Teachers’ Election-Day plight
With the 2016 general elections in the offing, it’s high time the Commission on Elections and other concerned government agencies prepared for orderly, systematic and smooth casting and canvassing of votes.
In previous elections and other electoral exercises like plebiscites and referendums, public school teachers assigned to man voting precincts experienced difficulties and problems that could have been avoided had the Comelec adequately prepared for such processes.
Some of these problems included delayed delivery of election forms and paraphernalia, difficult-to-understand instructions from the poll body, crowded precincts, confusing last-minute announcements and unruly crowds (mostly kibitzers) during the counting of votes.
Please consider that teachers really sacrifice during elections. They skip meals to immediately accommodate voters, they have to deal with unreasonable candidates and their supporters and, most of all, they risk their lives and limbs just to protect the sanctity of the ballot.
In past elections, there were teachers who were subjected to harassment and physical harm because of their firm determination to conduct and preserve honest, orderly and fair elections. Not to be forgotten was Filomena Tatlonghari of Mabini, Batangas; she was mercilessly gunned down when she tried to protect, with her body, a ballot box from being snatched by the followers of an unscrupulous politician.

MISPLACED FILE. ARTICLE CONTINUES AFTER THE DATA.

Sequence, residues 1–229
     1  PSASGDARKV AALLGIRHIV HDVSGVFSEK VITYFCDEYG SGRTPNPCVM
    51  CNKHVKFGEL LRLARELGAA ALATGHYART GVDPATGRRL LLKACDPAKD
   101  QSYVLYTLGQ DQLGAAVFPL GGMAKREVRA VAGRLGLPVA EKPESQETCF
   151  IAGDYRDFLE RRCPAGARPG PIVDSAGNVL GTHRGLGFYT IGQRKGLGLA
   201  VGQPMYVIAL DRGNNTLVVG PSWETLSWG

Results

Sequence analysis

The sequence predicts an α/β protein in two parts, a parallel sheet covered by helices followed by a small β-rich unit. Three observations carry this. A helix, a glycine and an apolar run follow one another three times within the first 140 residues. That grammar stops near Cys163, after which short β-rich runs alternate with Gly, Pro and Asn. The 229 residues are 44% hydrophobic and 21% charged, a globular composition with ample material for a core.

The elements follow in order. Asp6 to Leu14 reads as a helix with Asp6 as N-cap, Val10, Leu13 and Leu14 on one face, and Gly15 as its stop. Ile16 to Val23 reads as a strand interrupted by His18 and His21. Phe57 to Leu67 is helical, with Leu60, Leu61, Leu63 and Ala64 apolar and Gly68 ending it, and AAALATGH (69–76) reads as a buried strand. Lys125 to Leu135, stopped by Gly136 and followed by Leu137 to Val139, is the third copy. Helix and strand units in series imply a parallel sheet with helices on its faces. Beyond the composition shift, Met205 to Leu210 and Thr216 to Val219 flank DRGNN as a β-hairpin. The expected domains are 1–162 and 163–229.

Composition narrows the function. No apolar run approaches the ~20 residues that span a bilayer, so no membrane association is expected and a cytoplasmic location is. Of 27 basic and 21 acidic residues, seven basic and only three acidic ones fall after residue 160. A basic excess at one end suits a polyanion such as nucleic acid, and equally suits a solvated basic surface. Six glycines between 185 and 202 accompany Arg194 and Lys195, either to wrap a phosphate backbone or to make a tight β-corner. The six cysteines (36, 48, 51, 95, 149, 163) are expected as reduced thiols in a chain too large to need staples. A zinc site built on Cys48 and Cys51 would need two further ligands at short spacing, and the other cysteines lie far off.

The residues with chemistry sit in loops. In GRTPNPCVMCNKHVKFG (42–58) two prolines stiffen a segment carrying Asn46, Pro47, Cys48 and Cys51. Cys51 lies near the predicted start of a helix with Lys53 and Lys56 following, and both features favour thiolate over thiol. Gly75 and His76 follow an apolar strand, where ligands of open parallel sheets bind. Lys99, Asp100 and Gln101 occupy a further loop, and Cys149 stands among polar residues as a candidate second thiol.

Likewise, many teachers of Tatalon Elementary School (since renamed Diosdado Macapagal Elementary School during the term of former president Gloria Macapagal-Arroyo, through the efforts of public officials led by Speaker Feliciano R. Belmonte Jr.) in Quezon City were harassed with, accused of and haled to court for fabricated charges by warring political factions. It is sadly ironic that in this case, the Comelec itself acted as the lead prosecutor, not as protector, of the downtrodden teachers whom it deputized and assigned to serve in electoral exercise. Indeed, it was a pathetic and pitiful experience for those teachers.
I am a former public school teacher and I served as chair of the board of election inspector. I understand the plight of the teachers who serve during elections. I commiserate with their problems. I appeal to the Comelec, please act to forestall unpleasant experiences for teachers serving during elections. Now! After all, they are the guardians of the ballot.
—EUSEBIO S. SAN DIEGO, founder of Kaguro, and former president of Quezon City Public School Teachers Association, email@example.com
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